But doing it all runs the risk of doing too much, and more than once the many elements of “Jojo Rabbit” jostle against each other uneasily. The issue isn’t poking fun at Nazis in general and Hitler in particular: Charlie Chaplin (“The Great Dictator”) and Mel Brooks (“The Producers”) have long since broken that ground, and Waititi is an engaging clown who rarely lets us lose sight of the monster behind the daydream.

Sam Rockwell, Scarlett Johansson, Roman Griffin Davis, and Rebel Wilson in "Jojo Rabbit."Larry Horricks/Photo by Larry Horricks. © 2019 Twentieth Century Fox Film Corporation All Rights Reserved


But as the film progresses and darkens — at one point precipitously — more serious emotions are called into play, some of which hit their mark and some of which veer off into sticky sentimentality. “Jojo Rabbit” zigzags between the farce of a Jungvolk boys’ battalion overseen by a burned-out Captain Klenzendorf (Sam Rockwell) and Fraulein Rahm (Rebel Wilson) — both actors mugging happily away — and the specter of real Fascism, real bloodshed, real genocide. The laughs stick in our throats, but not always the way Waititi wants. Jojo’s ideas of what Jews are like, for instance, are so absurdly cartoonish as to be comical, but they’re still identical to actual Nazi propaganda. That’s the point, but it’s a blunt one and aimed without caring where it will land.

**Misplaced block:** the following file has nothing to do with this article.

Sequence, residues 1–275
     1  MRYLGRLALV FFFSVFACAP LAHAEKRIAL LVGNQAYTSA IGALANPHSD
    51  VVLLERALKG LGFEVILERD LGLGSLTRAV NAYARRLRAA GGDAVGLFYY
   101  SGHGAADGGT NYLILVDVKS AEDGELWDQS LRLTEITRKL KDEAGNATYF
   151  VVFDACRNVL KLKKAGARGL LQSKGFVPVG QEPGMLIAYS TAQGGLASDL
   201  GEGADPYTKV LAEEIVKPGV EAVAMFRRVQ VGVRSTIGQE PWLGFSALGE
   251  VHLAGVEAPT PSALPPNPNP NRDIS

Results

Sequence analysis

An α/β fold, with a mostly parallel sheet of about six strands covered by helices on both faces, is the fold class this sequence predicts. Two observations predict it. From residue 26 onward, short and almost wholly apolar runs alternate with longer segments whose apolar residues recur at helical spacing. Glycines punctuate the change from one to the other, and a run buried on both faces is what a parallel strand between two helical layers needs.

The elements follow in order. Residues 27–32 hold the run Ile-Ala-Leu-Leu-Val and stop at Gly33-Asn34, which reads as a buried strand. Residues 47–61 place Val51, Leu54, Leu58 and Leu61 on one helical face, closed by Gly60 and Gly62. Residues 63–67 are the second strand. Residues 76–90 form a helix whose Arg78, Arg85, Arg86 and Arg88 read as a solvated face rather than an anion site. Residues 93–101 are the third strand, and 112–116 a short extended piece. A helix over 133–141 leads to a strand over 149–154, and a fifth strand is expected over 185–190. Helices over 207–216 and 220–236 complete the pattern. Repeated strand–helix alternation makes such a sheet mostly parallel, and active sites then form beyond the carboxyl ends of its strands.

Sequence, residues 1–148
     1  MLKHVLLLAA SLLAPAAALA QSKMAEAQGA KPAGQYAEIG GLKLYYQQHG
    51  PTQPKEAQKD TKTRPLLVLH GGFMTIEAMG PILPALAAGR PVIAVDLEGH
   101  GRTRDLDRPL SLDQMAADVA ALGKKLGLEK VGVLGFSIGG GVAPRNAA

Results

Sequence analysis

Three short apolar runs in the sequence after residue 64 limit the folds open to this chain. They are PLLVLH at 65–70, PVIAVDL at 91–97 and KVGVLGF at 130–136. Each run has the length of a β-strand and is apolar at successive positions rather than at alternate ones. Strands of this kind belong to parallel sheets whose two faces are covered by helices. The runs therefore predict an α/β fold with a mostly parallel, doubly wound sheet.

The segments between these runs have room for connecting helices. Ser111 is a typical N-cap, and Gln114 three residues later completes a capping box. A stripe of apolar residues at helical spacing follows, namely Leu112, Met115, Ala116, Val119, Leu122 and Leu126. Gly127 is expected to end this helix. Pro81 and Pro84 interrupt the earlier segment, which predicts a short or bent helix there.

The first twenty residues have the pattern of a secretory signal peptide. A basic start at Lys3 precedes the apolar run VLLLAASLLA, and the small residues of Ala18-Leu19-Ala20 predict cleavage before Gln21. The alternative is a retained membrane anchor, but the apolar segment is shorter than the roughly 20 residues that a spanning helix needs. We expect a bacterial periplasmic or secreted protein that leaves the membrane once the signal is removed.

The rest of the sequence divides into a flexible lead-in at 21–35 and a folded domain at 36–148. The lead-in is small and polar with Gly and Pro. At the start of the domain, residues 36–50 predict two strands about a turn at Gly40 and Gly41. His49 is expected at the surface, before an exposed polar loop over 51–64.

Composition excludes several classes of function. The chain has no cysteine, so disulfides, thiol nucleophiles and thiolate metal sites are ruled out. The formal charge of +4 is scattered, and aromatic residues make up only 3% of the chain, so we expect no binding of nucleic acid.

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Underneath its high style and “dangerous” themes, “Jojo Rabbit” is a conventional movie, and an entertaining one. The acting is terrific across the board, particularly young Davis, Johansson as the playful yet secretive mother, and McKenzie — the discovery of last year’s “Leave No Trace” — as a young woman who’s nobody’s victim.

Given the setting, though, it’s inevitable that a moviegoer will feel the collision of an unstoppable filmmaking style meeting an immovably weighty subject. We’ve been here before, with Roberto Benigni’s “Life Is Beautiful” (1997), a heart-tugging Holocaust comedy that is even more beloved and/or detested than “Jojo Rabbit” stands to be. (How you felt about the earlier movie will probably determine how you feel about this one, though.) The difference is that Waititi is the better moviemaker. That just may be what saves him in the end.

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**½

JOJO RABBIT

Written and directed by Taika Waititi, based on a novel by Christine Leunens. Starring Roman Griffin Davis, Waititi, Scarlett Johansson, Thomasin McKenzie, Sam Rockwell. At Boston Common, Fenway, Kendall Square. 108 minutes. PG-13 (mature thematic content, some disturbing images, violence, language)

Ty Burr can be reached at ty.burr@globe.com. Follow him on Twitter @tyburr.